The program, which has worked with 44 Canadian universities and nearly 60 countries so far, aims to support 3,000 scholars by 2022. By focusing on PhD students or recent PhD graduates, organizers say it represents “a unique opportunity to mobilize a dynamic community of young global leaders across Canada to create lasting impacts, both at home and abroad, through cross-cultural exchanges encompassing international education, discovery and inquiry, and professional experiences.”
The QES program is funded by Canada’s International Development Research Centre and the Social Science and Humanities Research Council of Canada, and is managed through a partnership between the Rideau Hall Foundation, Community Foundations of Canada and Universities Canada.
On May 24, Mayor Jim Watson and city Manager Steve Kanellakos will host a group of QES scholars at City Hall for a tour and information session and will declare the date “Carleton University — Queen Elizabeth Scholar Day” in Ottawa.
The current round of QES exchanges involving Carleton, year two of a three-year span, involve an unprecedented research training opportunity facilitated by the Office of the Vice-President (Research and International) and all six of the university’s faculties, which have provided financial support and mentors for the visiting scholars.
In addition to the visiting researchers, a pair from Carleton — Biomaterials and Biomechanics PhD student, Alicia Gal, and Geography and Environmental Studies PhD student, Andy Kusi-Appiah — are heading to Africa in the coming months.
“What we are really working toward, in my mind, is a global sustainable development community,” says Carleton Prof.
Onita Basu, the university’s QES principal investigator, a role held by Prof. Mike Brklacich during the first year of the program.
Blending Engineering Science with the Social Sciences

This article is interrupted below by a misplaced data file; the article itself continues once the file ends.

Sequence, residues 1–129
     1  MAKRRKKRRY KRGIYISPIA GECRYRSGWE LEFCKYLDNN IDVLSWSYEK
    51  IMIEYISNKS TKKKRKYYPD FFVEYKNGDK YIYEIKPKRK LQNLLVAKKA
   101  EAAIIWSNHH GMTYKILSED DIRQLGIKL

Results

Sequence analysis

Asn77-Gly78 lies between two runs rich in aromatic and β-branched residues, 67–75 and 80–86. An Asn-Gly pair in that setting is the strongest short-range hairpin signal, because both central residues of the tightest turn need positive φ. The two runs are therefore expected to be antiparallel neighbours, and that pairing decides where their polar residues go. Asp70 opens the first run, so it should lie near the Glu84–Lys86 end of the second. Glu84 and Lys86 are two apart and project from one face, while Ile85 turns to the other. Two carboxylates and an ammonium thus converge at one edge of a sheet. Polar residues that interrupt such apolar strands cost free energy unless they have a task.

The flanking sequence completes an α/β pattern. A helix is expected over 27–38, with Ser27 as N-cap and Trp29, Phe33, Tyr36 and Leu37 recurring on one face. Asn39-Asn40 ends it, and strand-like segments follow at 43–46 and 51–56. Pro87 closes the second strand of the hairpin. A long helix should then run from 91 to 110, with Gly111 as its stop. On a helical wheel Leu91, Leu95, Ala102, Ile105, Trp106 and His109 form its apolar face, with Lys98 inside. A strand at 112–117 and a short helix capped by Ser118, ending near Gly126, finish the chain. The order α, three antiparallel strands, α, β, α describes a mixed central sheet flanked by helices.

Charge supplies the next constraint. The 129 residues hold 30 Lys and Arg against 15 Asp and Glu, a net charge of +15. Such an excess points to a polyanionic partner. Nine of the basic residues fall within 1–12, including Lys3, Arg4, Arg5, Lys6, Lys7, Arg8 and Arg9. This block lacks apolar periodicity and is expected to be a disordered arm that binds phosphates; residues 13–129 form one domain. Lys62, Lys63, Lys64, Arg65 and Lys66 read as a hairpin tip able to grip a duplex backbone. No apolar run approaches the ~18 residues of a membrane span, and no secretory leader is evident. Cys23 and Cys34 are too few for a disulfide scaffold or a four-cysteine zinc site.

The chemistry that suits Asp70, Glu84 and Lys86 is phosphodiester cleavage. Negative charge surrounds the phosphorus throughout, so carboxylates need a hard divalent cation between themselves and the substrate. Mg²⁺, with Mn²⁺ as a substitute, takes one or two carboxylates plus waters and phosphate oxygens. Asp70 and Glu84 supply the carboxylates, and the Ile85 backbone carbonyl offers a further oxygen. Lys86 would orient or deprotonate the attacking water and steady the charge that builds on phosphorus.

Carleton’s application to the QES program evolved out of the university’s From Buckets to Rain Barrels project, spearheaded by Sprott School of Business Prof. Troy Anderson and co-led with Basu from 2014 to 2018.
From Buckets to Rain Barrels has seen successive interdisciplinary groups of undergraduate students travel to the rural community of Londgido, Tanzania to help improve access to safe drinking water.
“They mesh together perfectly,” Basu says about the rain barrels program and QES, which is like a graduate student-level version of the former, developing research and leadership skills for Canadians and Africans alike and blending engineering science with the social sciences.
“These types of opportunities are critically important. For the Canadian scholars who go to Africa, there is nothing in any textbook that can compare to sitting in a house without electricity or cooling or running water to help us understand what it’s like to live in a community that doesn’t have the luxuries we take for granted. Or a community where there isn’t enough food every day.
“Another important element is trust building. We’re developing trust by listening to other points of view, so we can develop good responses together. And when we come back home, we carry with us a much better understanding of the challenges faced by other communities, which we can hopefully integrate into our research so we can make positive changes.
“For the students who come here from Africa,” continues Basu, “despite being at good universities at home, they get access to more advanced technology and equipment, and access to other academic support and services, which can help them accelerate their research programs dramatically.”
Researchers who don’t understand the on-the-ground realities of a foreign country and a foreign culture might suggest complicated solutions to problems, says Basu — high-tech systems that tend to break quickly because, for example, an O-ring that’s readily available at home is hard to get in rural Tanzania.